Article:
The Obama Administration announced a new multi-agency initiative this week, aimed at what it called the “catalytic goal” of seeing a gigawatt of solar generation installed to benefit low- and moderate-income families and communities by 2020.
The Clean Energy Savings for All Initiative “will work to ensure that every household has options to choose to go solar,” the White House said in a release. The announcement raised by an order of magnitude a target that President Barack Obama had previously set in his Climate Action Plan.
The initiative includes measures “promoting innovative financing mechanisms, bolstering technical assistance for states and communities, driving innovation, [and] scaling up work force training” to help low- and mid-income people gain access to clean energy jobs. It extends across the U.S. departments of energy, housing and urban development, agriculture, health and human services, veteran’s affairs, and the Environmental Protection Agency.
Among other motivators, the initiative will give up to $100,000 in cash and technical assistance to community teams seeking to “develop innovative models to increase solar deployment and cut communities’ energy bills, in particular in low-income communities.”
Not every agency in the sprawling U.S. federal government was apparently fully onside with the new initiative, however. E&E News [subscription] reports that the U.S. Federal Home Loan Mortgage Corporation (Freddie Mac) and Federal National Mortgage Association (Fannie Mae)—which together underwrite billions of dollars in American home mortgages—worried that wider use of Property-Assessed Clean Energy (PACE) financing could threaten their “first-lien” status in the event of defaults.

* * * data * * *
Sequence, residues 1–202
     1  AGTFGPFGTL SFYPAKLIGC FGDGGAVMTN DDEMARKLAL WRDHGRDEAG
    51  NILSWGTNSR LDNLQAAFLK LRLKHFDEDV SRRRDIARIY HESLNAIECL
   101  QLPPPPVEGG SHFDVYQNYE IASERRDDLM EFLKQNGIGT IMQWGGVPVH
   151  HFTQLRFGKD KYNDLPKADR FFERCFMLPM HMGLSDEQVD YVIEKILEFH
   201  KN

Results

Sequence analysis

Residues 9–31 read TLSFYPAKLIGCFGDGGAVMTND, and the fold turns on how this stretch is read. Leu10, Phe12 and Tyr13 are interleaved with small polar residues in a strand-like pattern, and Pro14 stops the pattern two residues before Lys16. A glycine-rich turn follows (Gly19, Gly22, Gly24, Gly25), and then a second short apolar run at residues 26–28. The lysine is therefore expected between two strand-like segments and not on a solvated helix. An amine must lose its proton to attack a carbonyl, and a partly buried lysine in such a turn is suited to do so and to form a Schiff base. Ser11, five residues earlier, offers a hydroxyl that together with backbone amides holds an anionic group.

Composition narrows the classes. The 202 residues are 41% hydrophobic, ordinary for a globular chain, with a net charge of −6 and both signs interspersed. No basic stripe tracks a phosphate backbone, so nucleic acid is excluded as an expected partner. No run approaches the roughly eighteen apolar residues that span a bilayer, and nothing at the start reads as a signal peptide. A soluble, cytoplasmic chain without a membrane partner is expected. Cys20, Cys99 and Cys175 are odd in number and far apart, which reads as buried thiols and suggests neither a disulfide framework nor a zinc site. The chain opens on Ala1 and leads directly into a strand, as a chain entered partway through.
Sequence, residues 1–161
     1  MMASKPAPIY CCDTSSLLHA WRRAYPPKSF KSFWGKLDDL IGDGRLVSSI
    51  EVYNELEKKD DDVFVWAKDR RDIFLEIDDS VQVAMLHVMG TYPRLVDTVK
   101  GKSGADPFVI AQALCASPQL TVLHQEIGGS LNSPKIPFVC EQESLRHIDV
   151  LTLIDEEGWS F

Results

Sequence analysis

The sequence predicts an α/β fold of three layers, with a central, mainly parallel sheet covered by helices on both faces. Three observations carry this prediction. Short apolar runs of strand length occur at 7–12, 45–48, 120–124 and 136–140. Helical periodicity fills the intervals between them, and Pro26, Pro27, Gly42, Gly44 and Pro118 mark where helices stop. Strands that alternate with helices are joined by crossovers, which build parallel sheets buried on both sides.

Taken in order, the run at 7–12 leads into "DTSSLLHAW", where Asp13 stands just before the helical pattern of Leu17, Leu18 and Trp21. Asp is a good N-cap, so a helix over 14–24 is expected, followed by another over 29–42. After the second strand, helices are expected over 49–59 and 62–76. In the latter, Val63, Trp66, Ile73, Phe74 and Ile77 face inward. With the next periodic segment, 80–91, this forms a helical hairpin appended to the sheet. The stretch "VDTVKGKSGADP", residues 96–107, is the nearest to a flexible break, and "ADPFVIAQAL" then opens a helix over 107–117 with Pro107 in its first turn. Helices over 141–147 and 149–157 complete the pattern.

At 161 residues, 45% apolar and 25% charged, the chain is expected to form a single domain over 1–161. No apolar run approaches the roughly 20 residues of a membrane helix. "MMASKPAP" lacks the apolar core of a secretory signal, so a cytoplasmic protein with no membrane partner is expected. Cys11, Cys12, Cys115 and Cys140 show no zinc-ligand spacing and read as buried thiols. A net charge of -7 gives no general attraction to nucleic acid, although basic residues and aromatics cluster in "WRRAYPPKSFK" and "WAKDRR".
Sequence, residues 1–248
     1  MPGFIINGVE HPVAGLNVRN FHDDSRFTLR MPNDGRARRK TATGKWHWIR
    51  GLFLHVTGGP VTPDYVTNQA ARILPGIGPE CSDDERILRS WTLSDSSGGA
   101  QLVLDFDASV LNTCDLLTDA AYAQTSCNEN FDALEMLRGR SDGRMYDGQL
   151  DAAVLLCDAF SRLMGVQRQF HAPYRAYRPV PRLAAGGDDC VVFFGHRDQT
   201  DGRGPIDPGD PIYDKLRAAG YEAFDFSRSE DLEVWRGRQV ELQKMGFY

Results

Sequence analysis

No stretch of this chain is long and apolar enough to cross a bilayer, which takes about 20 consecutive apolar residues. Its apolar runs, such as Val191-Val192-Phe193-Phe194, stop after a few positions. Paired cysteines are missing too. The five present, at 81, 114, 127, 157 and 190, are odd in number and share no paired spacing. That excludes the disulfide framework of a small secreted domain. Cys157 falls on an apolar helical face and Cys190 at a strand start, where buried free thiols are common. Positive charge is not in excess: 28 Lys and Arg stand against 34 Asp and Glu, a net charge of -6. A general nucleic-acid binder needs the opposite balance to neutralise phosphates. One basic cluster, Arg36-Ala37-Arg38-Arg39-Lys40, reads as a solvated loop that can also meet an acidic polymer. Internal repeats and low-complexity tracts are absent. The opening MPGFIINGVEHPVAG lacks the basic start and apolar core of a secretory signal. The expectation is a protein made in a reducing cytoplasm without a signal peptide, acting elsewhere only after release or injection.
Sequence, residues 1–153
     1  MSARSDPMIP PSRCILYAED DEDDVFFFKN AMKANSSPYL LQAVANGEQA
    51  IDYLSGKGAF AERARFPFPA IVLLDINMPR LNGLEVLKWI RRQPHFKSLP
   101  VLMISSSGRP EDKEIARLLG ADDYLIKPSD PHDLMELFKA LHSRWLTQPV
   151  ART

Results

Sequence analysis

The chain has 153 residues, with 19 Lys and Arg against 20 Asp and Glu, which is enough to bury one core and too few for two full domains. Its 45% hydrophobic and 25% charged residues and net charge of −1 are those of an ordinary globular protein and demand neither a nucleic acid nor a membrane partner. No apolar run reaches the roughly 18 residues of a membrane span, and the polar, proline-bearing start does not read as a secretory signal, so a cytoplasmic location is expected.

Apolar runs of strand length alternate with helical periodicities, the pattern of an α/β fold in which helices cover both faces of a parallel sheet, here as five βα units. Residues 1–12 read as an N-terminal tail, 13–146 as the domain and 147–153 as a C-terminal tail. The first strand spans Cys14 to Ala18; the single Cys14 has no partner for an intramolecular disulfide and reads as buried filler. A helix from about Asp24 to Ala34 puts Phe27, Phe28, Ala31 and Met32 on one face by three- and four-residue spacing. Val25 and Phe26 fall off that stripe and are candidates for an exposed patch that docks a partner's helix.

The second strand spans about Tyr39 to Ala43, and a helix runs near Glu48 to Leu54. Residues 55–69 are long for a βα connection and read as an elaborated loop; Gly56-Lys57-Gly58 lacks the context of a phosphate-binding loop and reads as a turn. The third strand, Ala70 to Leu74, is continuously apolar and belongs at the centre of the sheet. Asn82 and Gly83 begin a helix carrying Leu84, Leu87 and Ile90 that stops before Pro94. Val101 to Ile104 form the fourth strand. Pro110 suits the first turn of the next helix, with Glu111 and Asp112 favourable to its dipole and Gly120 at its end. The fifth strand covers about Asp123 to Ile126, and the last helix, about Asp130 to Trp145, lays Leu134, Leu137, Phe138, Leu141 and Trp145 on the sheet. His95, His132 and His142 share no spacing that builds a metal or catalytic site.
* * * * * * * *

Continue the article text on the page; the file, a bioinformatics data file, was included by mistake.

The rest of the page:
But the U.S. Federal Housing Administration and the Department of Veterans Affairs, both of which provide mortgage lending, will allow PACE loans on homes they finance, Bloomberg reports. The programs solve the issue of repayment priority, so that “the portion of the PACE loan that’s in arrears will get paid before the FHA or VA mortgage in a foreclosure.”
Bloomberg says that more than 30 U.S. states have passed PACE legislation enabling PACE financing since 2008, and the American Council for an Energy-Efficient Economy estimates that the mechanism has triggered more than US$2 billion in investments in about 97,000 homes.
Meanwhile, Vivint Solar and San Diego-based Renovate America, the country’s largest private provider of PACE financing, announced a partnership in which the latter will finance installation of the former’s solar systems in applications that will be repaid through tax assessments. Renovate America says it has financed “more than $1.5 billion of improvements such as solar, energy-saving roofing, windows and doors, more efficient HVAC systems, and building insulation” since 2011.
The White House release boasted that the United States has accomplished a 30-fold increase in solar-electric generation during Obama’s eight years in office, while “solar jobs are growing 12 times faster than the rest of the economy.”